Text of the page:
Skip to Content, Navigation, or Footer.
The Tufts Daily
Where you read it first | Sunday, December 10, 2023

Ukraine at War: Weaponizing cold weather


Just like New England, Ukraine is lucky enough to enjoy all four seasons. Yellowish and reddish fall leaves inevitably trigger the memories of the beginning of school. Cherry trees blooming signal the forthcoming of the warmer days. We know it is summer when everyone is complaining about the heat while still enjoying the time spent in nature without heavy jackets and boots. Winters are reserved for evenings at home when it is snowing outside as well as celebrating Christmas and New Year’s. 

Unlike New England, Ukraine borders Russia. As winter approaches and the war rages on, Russia is doing anything in its power to cause Ukrainian citizens to suffer. During the past weeks, Russian forces have been actively attacking critical infrastructure in the country, demolishing around 30% of Ukraine’s power stations. 

On Saturday, Oct. 22, the Russian occupying forces carried out yet another massive missile strike, launching about 40 missile strikes and 16 attacks with Iranian-made drones on energy structures in various regions of Ukraine. Energy facilities are being destroyed even in cities as remote from the frontline as Lutsk. The Russian missile strike in the northwest of the country resulted in another destruction of the energy facilities. Although the Ukrainian defenders managed to target some of the Russian equipment, at least 1.5 millionUkrainians have been left without electricity due to these attacks. 

For regular Ukrainians, this means having to severely restrict power and water use, coming to terms with the unexpected cuts that sometimes make it impossible to work and follow a daily routine. Previously, Ukrainians had already been asked to use less electricity, with nationwide limits on usage between 7:00 a.m. and 11:00 p.m.One cannot cook on an electric stove without electricity or take a shower without water.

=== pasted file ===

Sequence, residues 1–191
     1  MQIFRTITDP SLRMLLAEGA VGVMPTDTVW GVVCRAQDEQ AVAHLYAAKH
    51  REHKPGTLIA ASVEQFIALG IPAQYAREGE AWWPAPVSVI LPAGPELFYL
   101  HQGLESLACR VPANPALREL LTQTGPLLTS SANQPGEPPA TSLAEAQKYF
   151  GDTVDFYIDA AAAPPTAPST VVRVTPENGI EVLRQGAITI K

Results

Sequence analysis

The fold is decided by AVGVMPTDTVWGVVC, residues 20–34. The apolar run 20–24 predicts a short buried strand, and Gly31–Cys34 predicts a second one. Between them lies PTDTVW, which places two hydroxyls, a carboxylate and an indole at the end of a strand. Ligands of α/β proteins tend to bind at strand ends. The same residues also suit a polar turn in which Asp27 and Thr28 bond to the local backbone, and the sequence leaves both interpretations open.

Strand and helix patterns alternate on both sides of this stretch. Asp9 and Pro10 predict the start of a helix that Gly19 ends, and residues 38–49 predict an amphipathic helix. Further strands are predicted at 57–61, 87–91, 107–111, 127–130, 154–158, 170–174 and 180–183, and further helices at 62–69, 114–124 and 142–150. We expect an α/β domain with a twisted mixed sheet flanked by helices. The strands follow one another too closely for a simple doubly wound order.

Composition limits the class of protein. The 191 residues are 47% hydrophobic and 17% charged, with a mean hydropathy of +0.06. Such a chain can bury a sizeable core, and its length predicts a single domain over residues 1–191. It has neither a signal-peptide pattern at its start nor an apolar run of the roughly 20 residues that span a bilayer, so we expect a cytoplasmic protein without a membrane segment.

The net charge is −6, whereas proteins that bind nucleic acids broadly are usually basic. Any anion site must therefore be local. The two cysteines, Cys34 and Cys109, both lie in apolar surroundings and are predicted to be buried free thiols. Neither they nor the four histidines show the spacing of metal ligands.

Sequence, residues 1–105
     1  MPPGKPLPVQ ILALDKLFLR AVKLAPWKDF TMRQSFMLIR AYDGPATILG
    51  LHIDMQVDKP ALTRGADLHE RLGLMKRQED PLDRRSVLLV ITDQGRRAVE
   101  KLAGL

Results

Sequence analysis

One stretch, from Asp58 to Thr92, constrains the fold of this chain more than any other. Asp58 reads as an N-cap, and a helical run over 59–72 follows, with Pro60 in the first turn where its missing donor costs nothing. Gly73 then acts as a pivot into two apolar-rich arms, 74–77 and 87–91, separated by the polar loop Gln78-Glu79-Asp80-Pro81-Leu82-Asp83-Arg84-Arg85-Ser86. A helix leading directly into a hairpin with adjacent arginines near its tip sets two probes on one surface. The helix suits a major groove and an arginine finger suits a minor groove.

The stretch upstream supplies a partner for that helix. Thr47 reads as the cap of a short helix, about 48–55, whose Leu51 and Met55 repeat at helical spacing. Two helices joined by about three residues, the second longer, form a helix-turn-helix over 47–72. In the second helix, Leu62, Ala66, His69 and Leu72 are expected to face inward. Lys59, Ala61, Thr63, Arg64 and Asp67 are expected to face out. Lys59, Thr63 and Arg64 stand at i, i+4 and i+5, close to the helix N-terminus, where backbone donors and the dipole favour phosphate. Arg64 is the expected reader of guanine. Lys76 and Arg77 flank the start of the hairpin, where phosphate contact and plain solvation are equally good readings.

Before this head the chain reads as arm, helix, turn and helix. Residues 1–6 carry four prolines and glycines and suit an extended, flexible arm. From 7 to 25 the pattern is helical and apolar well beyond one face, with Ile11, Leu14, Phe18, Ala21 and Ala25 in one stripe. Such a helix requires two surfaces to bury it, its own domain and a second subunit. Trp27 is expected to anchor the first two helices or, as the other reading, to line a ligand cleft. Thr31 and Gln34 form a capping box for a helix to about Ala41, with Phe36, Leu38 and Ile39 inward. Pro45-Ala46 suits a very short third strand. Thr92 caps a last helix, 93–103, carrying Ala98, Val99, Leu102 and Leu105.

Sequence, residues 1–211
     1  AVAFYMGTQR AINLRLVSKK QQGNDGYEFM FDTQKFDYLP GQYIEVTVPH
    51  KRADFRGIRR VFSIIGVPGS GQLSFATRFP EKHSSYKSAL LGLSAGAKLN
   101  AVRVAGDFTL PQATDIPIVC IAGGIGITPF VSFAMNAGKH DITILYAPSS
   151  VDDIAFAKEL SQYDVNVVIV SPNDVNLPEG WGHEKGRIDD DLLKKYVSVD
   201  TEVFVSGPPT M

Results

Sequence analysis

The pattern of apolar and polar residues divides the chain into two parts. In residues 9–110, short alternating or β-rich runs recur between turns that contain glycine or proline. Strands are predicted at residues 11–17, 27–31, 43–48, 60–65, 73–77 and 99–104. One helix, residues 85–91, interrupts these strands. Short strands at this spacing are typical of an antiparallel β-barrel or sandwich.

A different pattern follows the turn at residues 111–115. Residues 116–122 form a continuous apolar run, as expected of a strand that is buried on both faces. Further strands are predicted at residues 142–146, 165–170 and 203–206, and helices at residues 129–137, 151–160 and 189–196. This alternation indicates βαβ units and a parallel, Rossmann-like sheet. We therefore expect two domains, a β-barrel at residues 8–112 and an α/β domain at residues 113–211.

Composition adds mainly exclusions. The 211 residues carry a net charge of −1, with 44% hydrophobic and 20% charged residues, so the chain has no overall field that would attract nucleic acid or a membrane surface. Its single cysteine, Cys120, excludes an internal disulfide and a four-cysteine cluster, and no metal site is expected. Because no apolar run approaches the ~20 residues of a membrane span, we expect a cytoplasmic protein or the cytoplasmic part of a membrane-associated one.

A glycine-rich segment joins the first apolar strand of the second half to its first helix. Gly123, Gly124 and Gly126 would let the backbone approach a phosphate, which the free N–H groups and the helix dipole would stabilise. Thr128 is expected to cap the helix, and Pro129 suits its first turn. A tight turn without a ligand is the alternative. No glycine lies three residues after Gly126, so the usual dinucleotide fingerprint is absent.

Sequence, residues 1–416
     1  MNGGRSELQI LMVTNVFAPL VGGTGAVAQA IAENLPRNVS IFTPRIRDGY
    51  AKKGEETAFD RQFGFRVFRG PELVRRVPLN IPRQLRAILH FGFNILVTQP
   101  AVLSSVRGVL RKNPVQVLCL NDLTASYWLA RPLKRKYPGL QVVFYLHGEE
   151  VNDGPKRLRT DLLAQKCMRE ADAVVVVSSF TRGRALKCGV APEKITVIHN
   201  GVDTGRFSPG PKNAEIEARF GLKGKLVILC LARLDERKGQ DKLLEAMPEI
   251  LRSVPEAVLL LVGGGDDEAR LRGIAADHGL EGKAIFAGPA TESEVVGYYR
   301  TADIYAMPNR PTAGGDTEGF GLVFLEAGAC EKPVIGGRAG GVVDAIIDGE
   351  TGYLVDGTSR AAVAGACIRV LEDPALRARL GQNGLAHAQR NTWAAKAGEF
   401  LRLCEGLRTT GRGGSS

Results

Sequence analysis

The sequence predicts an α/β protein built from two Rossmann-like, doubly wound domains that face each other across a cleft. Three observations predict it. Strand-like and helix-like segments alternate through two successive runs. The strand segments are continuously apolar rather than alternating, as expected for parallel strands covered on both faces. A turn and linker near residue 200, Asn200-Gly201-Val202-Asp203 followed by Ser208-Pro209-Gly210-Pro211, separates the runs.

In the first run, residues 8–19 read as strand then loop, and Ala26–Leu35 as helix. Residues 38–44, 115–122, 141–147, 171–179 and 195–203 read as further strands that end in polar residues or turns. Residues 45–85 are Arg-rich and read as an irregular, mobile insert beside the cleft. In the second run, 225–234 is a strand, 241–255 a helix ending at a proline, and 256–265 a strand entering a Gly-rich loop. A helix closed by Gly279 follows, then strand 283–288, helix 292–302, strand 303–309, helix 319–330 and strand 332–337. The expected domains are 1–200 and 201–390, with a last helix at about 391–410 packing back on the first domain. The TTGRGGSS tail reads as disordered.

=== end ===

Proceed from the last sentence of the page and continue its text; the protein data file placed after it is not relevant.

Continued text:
Arguably the most terrifying aspect of the damaged interconnected power grid is possible failure of the heating system. According to NBC News, the missile strikes so far have caused at least one billion dollars worth of damage in 10 days. Rebuilding the destroyed systems would take six to nine months if repairs start immediately. Ukrainian energy infrastructure is built based on “a Soviet-era idea of interconnectedness,” meaning that former-Soviet Russia knows exactly how to destroy its grid which is built to shore up areas that take a hit or otherwise fail. 

Within the preparations for the winter holiday season in Ukraine, we think of ways to evacuate older family members and children to other countries, methods to preserve as much water as possible and alternative tools for keeping our homes warm. However, there are not many of them; as a result of the Russian invasion of Ukraine, 90% of the country’s wind energy and 40%–50% of its solar power are no longer operating. The government is working on restoring the power supply. 

Meanwhile, Russia plans to target the Kakhovka dam on the Dnipro River, another critical piece of infrastructure. Its destruction would lead to a devastation of the water supply to much of the Ukrainian south. Additionally, Russia continues to attack residential buildings and private houses in its campaign to terrorize citizens. As we turn on the heaters as winter approaches in the Northeast, we mustn’t forget the Ukrainains who are without power, searching for any warmth they can get.